Thursday, October 22, 2009

Gossip, Hong Kong style

One of the many distractions and drawbacks of making one's living in public is the constant drumfire of gossip that is part of the price of fame. Young female entertainers--singeres and actresses--seem to be particular targets and the gossip items themselves don't have to be true or even credible. This was made clear in a story from the United Kingdom that reported on how easy it is to dupe the tabloids there into running false stories. Chris Atkins, working on a film, simply called the newspapers with outrageous (and outragously false) stories, ones that could be fact checked and disproven with one or two phone calls. No calls were made, most the stories were run the next day. Some of the embarrassing details are here. The subjects of the published gossip aren't always victims, of course. Some court the gossip rags, some have publicists who alert websites like PerezHilton or TMZ of the comings and goings of their clients. But much of it can be vicious, hurtful and dangerous.

The gossip surrounding film and singing stars in the Chinese press, particularly Hong Kong and Singapore has a different texture and tone than what one might be familiar with from the United States. I was thinking of this upon seeing that Kelly Chen's son, Chace, met the press for the first time. It was covered, as is everything of note to fans of Hong Kong movies (and Chinese movies generally) by Dennis Lee in his invaluable blog. The Hong Kong celebrity press--not sure if one should call it the "gutter" press--abetted by outlets in Singapore and elsewhere decided to cover the happy news of the birth of Chace by speculating that he was not her son but that a surrogate had given birth to him and that Kelly and her husband, Alex Lau, had gone to the hospital only to pick up the infant. Some of the stories or accounts of them are here and here (this forum post refers to and paraphrases a story from Yahoo! Singapore that is no longer available).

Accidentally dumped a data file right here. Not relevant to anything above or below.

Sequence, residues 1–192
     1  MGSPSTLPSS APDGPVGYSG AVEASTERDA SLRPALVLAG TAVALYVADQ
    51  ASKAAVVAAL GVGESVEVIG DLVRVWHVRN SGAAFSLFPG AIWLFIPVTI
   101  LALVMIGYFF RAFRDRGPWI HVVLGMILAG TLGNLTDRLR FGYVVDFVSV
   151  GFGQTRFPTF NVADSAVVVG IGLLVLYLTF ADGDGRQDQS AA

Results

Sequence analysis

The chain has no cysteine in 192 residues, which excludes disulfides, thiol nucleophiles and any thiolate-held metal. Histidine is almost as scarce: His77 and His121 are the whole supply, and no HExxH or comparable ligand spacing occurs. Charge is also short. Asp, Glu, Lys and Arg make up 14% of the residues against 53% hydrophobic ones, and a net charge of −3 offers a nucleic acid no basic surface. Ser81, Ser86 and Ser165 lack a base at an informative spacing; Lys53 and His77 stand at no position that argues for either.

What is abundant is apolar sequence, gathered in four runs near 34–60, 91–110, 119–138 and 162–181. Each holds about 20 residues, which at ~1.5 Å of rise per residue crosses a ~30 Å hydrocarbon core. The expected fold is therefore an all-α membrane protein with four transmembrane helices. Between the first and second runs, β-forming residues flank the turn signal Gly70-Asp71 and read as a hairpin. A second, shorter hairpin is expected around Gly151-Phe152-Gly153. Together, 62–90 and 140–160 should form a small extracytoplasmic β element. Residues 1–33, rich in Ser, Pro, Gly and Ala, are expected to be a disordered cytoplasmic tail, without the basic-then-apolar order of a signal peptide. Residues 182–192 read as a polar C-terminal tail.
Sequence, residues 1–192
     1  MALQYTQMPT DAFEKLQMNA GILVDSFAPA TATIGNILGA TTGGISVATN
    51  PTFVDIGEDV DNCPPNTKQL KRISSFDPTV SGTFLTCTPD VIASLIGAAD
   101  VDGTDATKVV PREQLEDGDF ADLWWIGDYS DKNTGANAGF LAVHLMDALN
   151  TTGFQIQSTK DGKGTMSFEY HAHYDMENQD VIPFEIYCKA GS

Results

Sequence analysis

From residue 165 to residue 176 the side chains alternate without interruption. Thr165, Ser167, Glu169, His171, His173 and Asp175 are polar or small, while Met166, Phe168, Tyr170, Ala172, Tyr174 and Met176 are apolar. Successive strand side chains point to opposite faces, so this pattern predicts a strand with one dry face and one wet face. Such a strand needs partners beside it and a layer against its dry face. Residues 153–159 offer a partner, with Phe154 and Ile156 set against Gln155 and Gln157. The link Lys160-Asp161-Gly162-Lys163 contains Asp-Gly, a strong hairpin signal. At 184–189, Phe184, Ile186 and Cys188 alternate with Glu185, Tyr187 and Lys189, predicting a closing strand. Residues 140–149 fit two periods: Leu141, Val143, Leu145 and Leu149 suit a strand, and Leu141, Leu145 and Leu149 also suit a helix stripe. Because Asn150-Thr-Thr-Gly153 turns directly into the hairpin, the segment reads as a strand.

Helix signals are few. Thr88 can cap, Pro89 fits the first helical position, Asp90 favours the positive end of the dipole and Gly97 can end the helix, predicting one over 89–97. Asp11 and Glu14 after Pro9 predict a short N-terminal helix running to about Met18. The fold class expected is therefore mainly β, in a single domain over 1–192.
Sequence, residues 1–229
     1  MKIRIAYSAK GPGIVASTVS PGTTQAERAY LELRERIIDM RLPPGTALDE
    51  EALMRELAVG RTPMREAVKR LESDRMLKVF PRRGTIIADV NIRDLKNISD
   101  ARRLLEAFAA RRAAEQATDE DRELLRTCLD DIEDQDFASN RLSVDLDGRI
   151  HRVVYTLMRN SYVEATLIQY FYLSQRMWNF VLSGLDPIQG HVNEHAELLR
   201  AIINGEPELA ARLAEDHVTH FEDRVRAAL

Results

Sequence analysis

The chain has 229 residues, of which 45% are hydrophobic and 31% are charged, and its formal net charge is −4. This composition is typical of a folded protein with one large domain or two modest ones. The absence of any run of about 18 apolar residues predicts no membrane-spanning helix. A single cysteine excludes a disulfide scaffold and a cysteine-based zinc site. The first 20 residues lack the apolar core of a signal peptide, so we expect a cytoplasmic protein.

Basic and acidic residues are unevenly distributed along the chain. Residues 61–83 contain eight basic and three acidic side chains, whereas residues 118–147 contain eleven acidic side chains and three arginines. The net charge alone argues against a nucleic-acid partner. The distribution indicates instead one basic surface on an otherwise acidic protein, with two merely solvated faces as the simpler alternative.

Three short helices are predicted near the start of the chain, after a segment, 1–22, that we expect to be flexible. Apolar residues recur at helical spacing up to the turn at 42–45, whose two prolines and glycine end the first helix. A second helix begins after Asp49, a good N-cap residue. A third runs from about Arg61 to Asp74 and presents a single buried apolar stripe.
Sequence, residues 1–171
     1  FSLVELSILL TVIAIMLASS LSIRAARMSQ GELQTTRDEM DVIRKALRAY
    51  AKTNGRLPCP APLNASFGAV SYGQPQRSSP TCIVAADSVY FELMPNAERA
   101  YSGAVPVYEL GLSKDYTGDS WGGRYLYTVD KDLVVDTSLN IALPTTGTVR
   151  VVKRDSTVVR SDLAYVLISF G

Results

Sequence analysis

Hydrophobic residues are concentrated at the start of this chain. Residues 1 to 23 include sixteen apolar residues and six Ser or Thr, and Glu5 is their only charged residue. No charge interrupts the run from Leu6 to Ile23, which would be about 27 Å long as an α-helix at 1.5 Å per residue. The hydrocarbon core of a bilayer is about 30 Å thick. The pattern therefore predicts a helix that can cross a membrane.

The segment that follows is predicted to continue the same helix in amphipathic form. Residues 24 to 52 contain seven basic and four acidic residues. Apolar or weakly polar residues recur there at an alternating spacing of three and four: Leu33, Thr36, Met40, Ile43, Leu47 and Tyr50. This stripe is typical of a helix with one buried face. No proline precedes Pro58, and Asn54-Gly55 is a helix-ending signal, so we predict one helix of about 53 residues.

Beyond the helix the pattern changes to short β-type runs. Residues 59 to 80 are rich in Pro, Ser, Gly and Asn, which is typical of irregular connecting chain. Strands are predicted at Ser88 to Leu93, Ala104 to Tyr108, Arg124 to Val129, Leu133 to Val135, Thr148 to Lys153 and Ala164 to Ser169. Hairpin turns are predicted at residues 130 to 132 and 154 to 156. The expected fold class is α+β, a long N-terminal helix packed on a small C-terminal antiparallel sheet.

To a western observer--or at least this one--unsourced (or based on the speculation of the ubiquitous "netizens") and fantastic stories concerning the birth of a child is what might be found in the scummiest of supermarket tabloids. In this case the story ran in CRIEnglish, the English language web portal for CRI, which, according to its website, "is the only overseas broadcaster in the People's Republic of China. CRI was founded on December 3, 1941 and is owned and operated by the state." One assumes they had more important issues to report in 1941.

The venue may be the main difference between Chinese celebrity gossip and that in the USA--here it can be more easily dismissed if it shows up in "The New York Post" or Perez Hilton while in China, because of the scarcity of outlets for any type of reporting, it appears on a state owned and controlled website. Clearly this doesn't make it any more real but it may have more credibility due to its placement.